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Chapter 5

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Biomedical Physio & Kines
BPK 140
Michael Walsh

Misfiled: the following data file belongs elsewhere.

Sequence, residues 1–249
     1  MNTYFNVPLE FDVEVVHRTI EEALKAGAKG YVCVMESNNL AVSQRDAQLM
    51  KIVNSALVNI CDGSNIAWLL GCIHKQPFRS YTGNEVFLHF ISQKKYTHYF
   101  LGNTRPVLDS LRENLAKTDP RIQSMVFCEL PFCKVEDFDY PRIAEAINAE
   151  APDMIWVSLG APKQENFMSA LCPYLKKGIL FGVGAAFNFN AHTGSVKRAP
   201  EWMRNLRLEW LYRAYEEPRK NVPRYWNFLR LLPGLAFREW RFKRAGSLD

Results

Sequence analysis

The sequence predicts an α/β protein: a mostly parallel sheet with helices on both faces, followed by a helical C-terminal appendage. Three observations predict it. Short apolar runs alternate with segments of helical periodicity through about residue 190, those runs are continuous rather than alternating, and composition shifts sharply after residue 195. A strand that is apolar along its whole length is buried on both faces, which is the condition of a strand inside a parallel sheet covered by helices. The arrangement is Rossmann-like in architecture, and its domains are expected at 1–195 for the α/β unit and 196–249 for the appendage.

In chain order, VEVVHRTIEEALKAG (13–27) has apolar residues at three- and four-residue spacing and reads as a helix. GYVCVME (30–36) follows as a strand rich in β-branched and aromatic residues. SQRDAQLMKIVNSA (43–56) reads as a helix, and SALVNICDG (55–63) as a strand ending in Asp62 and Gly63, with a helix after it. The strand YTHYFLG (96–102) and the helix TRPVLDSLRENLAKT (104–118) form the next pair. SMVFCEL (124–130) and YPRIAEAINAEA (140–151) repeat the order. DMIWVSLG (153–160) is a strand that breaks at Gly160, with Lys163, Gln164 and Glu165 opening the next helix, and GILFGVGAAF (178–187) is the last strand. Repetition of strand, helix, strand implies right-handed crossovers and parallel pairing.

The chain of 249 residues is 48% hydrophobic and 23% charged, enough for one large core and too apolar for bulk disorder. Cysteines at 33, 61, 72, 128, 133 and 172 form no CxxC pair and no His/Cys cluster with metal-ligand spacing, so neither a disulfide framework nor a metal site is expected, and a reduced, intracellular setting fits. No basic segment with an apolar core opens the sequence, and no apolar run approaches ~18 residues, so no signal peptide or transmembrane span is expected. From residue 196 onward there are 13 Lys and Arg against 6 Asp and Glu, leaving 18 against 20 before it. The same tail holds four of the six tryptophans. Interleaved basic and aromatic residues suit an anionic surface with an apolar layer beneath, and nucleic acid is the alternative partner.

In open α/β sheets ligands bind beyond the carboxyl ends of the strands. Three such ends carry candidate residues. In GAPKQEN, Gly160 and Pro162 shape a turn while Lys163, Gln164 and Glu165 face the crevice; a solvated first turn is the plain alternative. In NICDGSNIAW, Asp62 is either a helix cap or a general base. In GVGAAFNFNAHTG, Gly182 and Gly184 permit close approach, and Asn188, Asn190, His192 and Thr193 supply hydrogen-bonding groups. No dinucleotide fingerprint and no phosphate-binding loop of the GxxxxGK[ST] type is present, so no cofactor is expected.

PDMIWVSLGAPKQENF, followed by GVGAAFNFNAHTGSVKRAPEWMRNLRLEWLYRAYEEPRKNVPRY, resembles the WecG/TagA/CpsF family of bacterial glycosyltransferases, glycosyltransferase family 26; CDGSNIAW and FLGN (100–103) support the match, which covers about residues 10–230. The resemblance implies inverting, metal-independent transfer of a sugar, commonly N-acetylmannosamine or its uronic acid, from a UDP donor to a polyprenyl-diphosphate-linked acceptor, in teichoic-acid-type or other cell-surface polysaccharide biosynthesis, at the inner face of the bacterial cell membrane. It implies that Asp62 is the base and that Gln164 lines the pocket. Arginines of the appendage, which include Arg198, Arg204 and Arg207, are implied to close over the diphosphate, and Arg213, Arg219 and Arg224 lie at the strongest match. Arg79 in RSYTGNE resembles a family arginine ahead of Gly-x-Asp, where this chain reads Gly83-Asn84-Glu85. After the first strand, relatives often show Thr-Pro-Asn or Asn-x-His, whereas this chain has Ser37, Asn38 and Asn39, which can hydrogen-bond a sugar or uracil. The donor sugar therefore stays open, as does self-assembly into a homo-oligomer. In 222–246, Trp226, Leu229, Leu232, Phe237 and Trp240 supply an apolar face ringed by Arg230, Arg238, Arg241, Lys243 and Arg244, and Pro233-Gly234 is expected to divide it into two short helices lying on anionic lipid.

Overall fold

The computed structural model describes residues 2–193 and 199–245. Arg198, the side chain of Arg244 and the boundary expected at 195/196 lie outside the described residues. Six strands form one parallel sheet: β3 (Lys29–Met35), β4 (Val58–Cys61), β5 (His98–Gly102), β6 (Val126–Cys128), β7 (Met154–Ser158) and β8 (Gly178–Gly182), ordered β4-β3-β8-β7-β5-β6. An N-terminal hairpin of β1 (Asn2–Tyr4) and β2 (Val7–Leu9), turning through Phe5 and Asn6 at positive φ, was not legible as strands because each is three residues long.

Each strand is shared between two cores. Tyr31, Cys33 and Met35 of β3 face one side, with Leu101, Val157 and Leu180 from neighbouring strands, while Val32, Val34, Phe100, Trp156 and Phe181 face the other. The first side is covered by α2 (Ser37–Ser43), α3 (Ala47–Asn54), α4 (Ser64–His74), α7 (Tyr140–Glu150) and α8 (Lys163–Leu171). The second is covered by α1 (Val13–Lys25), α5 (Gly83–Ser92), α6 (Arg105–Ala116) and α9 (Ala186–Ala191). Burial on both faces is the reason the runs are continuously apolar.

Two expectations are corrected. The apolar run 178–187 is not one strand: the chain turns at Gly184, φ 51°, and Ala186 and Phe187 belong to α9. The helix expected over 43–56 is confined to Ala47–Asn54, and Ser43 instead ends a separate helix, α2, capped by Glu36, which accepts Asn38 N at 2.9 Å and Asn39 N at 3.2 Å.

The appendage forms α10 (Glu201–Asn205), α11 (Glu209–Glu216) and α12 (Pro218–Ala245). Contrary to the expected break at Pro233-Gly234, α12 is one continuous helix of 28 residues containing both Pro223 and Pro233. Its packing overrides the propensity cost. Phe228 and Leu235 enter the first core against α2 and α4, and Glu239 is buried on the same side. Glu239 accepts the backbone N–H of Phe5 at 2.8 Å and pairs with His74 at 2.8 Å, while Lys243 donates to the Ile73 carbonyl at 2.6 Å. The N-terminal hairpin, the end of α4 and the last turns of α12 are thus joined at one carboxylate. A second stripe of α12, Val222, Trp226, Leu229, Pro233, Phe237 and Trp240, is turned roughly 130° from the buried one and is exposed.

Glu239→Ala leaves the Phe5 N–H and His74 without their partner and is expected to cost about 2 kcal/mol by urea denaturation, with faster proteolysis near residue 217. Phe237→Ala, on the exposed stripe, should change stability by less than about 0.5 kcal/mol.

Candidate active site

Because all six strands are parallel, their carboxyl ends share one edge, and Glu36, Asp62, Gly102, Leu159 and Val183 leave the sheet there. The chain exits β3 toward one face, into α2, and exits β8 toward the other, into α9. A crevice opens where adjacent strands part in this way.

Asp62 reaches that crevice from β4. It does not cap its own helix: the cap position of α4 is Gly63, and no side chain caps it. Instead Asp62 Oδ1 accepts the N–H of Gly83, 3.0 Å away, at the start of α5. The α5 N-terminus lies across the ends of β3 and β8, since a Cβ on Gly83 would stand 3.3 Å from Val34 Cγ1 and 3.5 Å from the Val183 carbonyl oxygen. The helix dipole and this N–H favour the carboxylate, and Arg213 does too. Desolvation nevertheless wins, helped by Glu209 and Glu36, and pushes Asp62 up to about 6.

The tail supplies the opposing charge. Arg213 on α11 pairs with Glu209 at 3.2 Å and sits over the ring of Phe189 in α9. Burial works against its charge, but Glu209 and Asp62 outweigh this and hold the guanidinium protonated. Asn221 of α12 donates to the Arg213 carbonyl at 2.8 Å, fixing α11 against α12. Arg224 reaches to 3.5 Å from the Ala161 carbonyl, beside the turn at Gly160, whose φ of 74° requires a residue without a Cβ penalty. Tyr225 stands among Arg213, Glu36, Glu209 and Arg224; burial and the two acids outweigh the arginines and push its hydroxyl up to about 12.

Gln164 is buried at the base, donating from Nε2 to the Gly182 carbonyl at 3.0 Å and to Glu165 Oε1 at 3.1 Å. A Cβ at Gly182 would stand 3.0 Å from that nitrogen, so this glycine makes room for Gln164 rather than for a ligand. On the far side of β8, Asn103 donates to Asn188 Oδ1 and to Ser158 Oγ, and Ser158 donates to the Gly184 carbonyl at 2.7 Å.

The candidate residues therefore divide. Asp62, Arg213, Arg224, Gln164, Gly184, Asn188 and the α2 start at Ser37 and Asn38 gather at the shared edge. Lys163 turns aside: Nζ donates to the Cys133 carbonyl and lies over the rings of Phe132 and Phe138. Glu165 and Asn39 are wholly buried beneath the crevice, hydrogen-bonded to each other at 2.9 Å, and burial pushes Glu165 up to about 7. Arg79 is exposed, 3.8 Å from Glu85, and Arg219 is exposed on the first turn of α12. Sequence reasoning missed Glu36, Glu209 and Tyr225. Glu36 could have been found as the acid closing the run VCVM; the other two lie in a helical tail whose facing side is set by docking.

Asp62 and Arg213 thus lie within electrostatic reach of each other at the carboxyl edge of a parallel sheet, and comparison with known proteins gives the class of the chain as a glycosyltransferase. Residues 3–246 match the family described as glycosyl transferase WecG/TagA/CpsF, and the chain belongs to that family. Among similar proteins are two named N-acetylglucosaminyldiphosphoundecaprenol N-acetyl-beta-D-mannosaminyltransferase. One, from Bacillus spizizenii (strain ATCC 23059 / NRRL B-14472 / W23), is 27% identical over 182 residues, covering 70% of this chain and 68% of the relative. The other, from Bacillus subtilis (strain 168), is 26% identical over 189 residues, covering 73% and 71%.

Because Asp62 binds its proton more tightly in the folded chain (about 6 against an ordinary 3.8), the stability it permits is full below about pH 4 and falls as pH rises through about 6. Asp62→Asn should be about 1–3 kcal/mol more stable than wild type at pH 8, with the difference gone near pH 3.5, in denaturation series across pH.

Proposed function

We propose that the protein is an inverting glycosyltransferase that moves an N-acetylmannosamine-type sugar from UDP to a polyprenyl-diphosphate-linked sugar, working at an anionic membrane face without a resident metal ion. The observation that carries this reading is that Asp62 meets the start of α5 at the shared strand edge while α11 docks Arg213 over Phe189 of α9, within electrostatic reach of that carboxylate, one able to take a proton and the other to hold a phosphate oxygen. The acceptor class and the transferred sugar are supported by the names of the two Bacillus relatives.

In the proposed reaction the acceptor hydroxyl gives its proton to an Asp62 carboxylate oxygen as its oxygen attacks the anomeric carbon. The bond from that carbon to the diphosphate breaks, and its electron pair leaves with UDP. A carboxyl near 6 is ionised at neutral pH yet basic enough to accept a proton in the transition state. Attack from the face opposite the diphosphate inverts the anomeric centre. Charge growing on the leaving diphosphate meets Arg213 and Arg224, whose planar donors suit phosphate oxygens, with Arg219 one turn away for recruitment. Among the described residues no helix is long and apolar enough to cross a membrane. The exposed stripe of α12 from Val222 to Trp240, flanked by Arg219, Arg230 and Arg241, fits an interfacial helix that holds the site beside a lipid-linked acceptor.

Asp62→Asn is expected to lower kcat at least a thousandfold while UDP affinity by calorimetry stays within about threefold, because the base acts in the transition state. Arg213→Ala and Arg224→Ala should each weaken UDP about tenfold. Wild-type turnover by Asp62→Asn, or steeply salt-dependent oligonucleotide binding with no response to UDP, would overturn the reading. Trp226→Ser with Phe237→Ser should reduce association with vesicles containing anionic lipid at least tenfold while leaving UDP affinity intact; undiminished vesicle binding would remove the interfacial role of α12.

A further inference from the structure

1 KIN 140 Section 5 Dr Mike Walsh CHRONIC DISEASES (Rust of Our Body) Chronic diseases are diseases that progress very slowly, often for more than 20 years before the body finally succumbs. Often these diseases were not as prevalent in past history because we died of other things sooner before a chronic disease could fully bloom. In addition, some things we have today, like pollution and super size fries, our bodies have never been prepared for. Such an attack upon our physiology becomes a chronic disease. We can usually treat the conditions of a chronic disease but we cannot cure it. Always remember, we are designed by evolution. Chronic diseases account for 75 % of the mortality currently in our Canadian society. The chronic diseases below all have associated risk factors determined from epidemiological studies. Some of the risk factors are immutable (cannot be changed) such as age, gender, and genetics whereas others are mutable such as diet and exercise. I. Cardiovascular Disease A. Definition Cardiovascular disease encompasses any disease of the heart or blood vessels. Arteriosclerosis is a hardening of the arteries and atherosclerosis is a type of arteriosclerosis. Atherosclerosis is a fatty plaque accumulation that occurs at the inner most layer of a blood vessel: the endothelium. Atherosclerosis is the leading killer of cardiovascular disease. If it occurs in the heart, it is called coronary heart disease. If it occurs in the brain it is called a stroke, and if it occurs in a limb it is called peripheral vascular disease. The heart locus accounts for over 2/3 of atherosclerosis. B. Generic Mechanism In atherosclerosis, a lesion occurs on the inner lining of an artery. This leads to an accumulation of lipids creating a fatty streak. Proliferation of smooth muscle cells can occur further narrowing the blood vessel. Calcium and fibrous tissue invade the lipids and it becomes hardened. Blood clotting factors can also invade the fat forming a thrombus which can create a serious blockage of blood flow. Tissues downstream of the artery will suffer ischemia and can die. A piece of the thrombus can break off creating an embolus that will block a vessel further downstream. C. Risk Factors 2 1. Immutables a. Age The risk of atherosclerosis is 3x higher at 60 than 45 yr. This of course is partly due to the chronic nature of the disease progressing with time. It also reflects that as one ages, the repair mechanisms do not work as well. b. Gender Estrogen, a female sex steroid, is believed to have protective effects. c. Genetics/Race Family history plays an important role in CVD. In BC, the Medical Services Commission will normally only reimburse for a total cholesterol test and not for different lipoprotein fractions. If your total cholesterol is lower than 5.2 mmol/L (200 mg %) for under 30 yr and lower than 6.2 mmol/L (240 mg %) for over 30 yr, you only get a paid test every 5 years. If you are above these levels, MSC will pay for more frequent and specific testing. Males of African descent have a higher incidence of CVD, especially if they have hypertension 2. Mutables a. Hypertension Hypertension, or high blood pressure, is a disease in and of itself. Normal blood pressure is about 120 mm Hg/80 mm Hg. Hypertension is often said to exist when blood pressure is >140/>90. We only know about 10 % of the causes of hypertension but we do know that if you have hypertension, the chances of getting atherosclerosis increases dramatically. The abnormally high blood pressure levels create a lot more work for the heart to perform and changes blood flow patterns. Hypertension is enhanced by salt intake. b. Type 2 Diabetes see III. Diabetes c. Diet High fat, high alcohol, high simple sugars, low fibre, low antioxidants, and excessive calories are all thought to contribute to atherosclerosis. 3 Cholesterol is transported in the blood by lipoproteins. These molecules have various amounts of lipid and protein in them: the greater the density, the greater the relative amount of protein. Density is used to classify groups of lipoproteins. We will just classify 2 groups: low density lipoproteins (LDL) and high density lipoproteins (HDL). LDLs transport cholesterol from the liver to the rest of the body and HDLs transport cholesterol from the body back to the liver. A high ratio of LDL/HDL is a risk factor for atherosclerosis even if total cholesterol is under the age-specific limit. If you have too much LDL, it gets deposited in the fatty plaques in the arteries. Often people are asked to reduce their dietary cholesterol. This is good advice if you are cholesterol sensitive, but only about 30 % of people are. Therefore, for most people can decrease their intake of eggs, organ meats, and shellfish with very little effect on the plasma cholesterol levels. Furthermore, for the average person, their liver makes about 80 % of their plasma cholesterol; only about 20 % comes directly from dietary intake. In cholesterol-sensitive people, the liver does not respond ‘normally’ to an increase in dietary intake. Their liver continues to make cholesterol rather than reduce its production Reducing a high fat intake is a good idea, especially saturated fats. The relation between percent of calories from saturated fats and either CHD death rates or serum cholesterol is about 0.85. A moderate consumption of alcohol is associated with higher HDL and reduced heart attacks. High levels of plasma homocysteine (an amino acid) are correlated to arteriosclerosis. More recent evidence indicates this may be due low levels of B vitamins and folic acid. d. Physical Activity Lack of physical activity can lead to diabetes, hypertension, and an increase in the LDL/HDL ratio. Research shows physical activity increases the branching of the arterial tree. Thus if an arteriole becomes block, another arteriole will be in close proximity and can supply the endangered downstream tissue. e. Central Obesity Having fat located on your abdomen (e.g., beer gut for males) is associated with a higher risk of atherosclerosis than having fat located on other parts of your body. Although there are different patterns of obesity, the abdominal pattern is more often associated with males than females. 4 f. Type A Personality A person with a type A personality is one who is quite hard-driving, intense, and competitive. People with type A personality have a greater chance of suffering atherosclerosis that those with a type B personality. g. Other Psychological Stressors Isolation, pessimism and repressed emotions (type D) and people with low self-esteem and confidence also have a greater incidence (3x) of atherosclerosis. h. Smoking Smoking leads to a decrease in HDL and an increase in platelet stickiness. Furthermore, the carbon monoxide produced binds to hemoglobin with 250x the affinity of oxygen. Second hand smoke is unfiltered and thus is more cardiotoxic than the smoke that goes inside a smoker’s lungs. Smoking as a risk factor is interesting. Some people have smoked 3 packs a day for 70 yr and have never had a heart problem. People use such individual-type evidence to show that a relation between smoking and atherosclerosis does not exist. This type of evidence has been used to discount many other types of health problems. However, in this case, what is true for the individual is not true for the population i. Infection Infection with chlamydia pneumonia, H. pylori, and herpes simplex leads to greater heart problem risk. In general, it is found that people with a high level of inflammation as determined by a high white blood cell count have a higher risk of heart disease. D. Prevention Identification of high risk individuals and putting them on a proper prevention program is very important for extending the health of the high risk individual. Such a program could include avoiding tobacco and regular exercise. A healthy heart diet will include replacing saturated fat with unsaturated fat, high fibre content, lots of fruit and vegetables, reducing salt (i.e., help reduce hypertension for some), and omega-3 fats (fish oil). Do what you were designed to do! II. Cancer A. Overview 5 Cancer is a term for a group of over 200 diseases that are characterized by uncontrolled cell growth. Cancer accounts for about 25 % of deaths in our society. A tumor or neoplasm is an abnormal increase in cell division. The tumor can be either benign or malignant. A benign tumor (is not a cancer) usually does not present any health problems other than size related ones. A malignant tumor is a cancer and can spread to other tissue beds by 2 mechanisms: direct invasion of malignant cells into neighbouring tissues or by metastasizing in which malignant cells enter the blood or lymph and then can enter other tissues. B. Causes One reason there are so many different diseases that characterize cancer is that u